Working as a manager at Big Truck Tacos got chef Tara Taylor to thinking about waffles.
After all, what is a waffle but biscuit batter pressed into a heated mold to create the signature checkered shaped? And biscuits are good with pretty much anything — sweet or savory.
And properly prepared waffles can be folded like the tacos she used to watch leave the Big Truck kitchen by the bushel or like the gyros sandwiches that have supported small Mediterranean restaurants across the country for years.
And what if after you folded these perfectly prepared waffles you stuffed them with fresh, local ingredients and wrapped them in foil? Added organic fruits and vegetables? Offered unexpected but cleverly conceived flavor combinations? Changed the menu to fit the seasons? Named the waffles after holiday themes, musicals or mood changes?
The answer to these and a few other questions is: A Waffle Champion will be born.
And so it came to be in December that Taylor and chef Rachel Smith turned their ideas into the reality of a customized food truck bearing the name Waffle Champion, Taylor specializing in savory, Smith in sweet.
They are the Lennon and McCartney of local waffle-making — doubtlessly talented in their own rights, but together they produce harmony you can taste.
Unfortunately, if you haven't caught up with the Waffle Champion truck, you might never get to experience the April menu, which was based on early spring with waffles bearing the names of characters from “Grease.”
The truck is usually parked from 11 a.m. to 1 p.m. Thursday and Friday on the south side of NW 23 Street between Walker and Hudson, but is booked for private events this week.
When the truck returns to its normal Thursday and Friday locale, it'll be with a menu made exclusively for May. Chances are, it'll be every bit as good — maybe better.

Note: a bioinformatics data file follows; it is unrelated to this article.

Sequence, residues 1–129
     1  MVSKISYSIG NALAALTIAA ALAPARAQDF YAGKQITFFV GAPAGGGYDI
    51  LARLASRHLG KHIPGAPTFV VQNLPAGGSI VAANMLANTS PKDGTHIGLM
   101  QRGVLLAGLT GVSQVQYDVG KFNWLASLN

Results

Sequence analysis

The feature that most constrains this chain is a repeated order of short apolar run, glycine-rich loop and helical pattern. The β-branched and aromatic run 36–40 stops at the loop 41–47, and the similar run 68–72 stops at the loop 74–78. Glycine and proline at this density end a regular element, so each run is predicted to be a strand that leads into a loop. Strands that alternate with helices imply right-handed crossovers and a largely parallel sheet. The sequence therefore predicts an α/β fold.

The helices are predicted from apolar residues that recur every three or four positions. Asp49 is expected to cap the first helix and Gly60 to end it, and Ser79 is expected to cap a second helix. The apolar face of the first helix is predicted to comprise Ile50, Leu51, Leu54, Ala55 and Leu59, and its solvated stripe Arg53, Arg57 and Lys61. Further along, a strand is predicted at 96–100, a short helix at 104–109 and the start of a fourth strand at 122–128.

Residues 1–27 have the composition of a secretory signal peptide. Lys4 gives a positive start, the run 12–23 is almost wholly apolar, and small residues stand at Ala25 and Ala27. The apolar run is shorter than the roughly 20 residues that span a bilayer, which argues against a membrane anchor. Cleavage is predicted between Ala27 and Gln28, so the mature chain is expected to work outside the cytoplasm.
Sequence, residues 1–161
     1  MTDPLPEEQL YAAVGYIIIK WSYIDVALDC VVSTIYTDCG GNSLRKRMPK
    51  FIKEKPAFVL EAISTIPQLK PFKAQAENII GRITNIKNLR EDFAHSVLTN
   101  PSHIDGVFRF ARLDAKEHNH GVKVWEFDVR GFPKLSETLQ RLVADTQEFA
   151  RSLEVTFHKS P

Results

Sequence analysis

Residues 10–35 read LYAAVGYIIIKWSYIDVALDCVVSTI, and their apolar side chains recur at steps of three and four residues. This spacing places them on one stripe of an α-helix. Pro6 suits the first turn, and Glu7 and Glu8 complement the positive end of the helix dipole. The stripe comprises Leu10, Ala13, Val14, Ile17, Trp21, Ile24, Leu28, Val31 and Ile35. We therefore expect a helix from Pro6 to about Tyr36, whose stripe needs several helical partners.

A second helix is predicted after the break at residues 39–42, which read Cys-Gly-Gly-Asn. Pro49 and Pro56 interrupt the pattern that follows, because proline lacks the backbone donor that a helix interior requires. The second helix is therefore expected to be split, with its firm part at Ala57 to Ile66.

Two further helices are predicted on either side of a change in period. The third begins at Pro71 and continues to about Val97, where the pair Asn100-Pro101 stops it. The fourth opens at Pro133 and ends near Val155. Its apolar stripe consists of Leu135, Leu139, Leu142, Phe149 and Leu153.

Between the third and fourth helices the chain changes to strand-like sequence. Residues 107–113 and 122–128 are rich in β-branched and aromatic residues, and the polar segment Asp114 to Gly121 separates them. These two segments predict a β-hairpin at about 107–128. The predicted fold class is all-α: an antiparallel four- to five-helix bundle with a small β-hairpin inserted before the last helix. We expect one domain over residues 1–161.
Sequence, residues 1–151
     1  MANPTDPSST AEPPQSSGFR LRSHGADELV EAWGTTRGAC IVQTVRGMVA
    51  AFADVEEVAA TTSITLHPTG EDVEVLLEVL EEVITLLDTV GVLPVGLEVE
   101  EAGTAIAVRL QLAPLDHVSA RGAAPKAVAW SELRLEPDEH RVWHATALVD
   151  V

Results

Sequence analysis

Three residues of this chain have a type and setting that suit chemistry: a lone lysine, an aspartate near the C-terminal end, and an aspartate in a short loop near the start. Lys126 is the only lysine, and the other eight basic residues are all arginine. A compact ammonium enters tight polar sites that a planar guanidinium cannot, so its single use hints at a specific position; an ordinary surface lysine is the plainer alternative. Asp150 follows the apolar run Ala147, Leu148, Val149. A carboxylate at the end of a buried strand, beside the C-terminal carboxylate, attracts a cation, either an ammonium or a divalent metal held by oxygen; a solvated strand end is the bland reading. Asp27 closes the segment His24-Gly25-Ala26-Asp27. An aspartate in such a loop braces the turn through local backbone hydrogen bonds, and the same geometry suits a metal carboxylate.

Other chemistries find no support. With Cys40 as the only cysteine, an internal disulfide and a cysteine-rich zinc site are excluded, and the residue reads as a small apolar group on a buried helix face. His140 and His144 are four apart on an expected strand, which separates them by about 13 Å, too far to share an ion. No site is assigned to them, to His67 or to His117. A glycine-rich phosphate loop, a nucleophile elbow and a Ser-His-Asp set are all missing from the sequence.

As for April, they offered three savories and three sweets. The savories included eggs and wild boar — which Taylor said was the bounty of a friendly hunter — in one called the Zuko; pepperoni and other pizza-friendly ingredients in the one named after Kenicki; and loads of seasonal vegetables in a third.
As for the sweets, the Sandra D begins with a cinnamon-roll batter and ends in brown butter and local pecans; the Frenchie is a platform for fresh fruit. But the coup de grace is named for Rizzo. Let your palate imagine the bliss it might encounter if it hosted a ball for peanut butter, nutella, almond Snickers pieces, fresh whipped cream and organic banana slices.
You'll pay $6 for these treats, but under the right pressure from heart and hunger, you might pay $10.
Taylor said she and partner Todd Woodruff might some day dabble in bricks and mortar, but for now they plan to concentrate on operating out of the truck and spreading the Waffle Champion gospel as far the road will take them.
Tracking the truck
If you would like to find a road that leads to Waffle Champion, go to Facebook and keyword Waffle Champion — the short-term schedule is posted there. You can also follow them on Twitter (@wafflechampion). Or you can call 525-9235. If you plan to be at the Norman Music Festival, you'll find the truck there.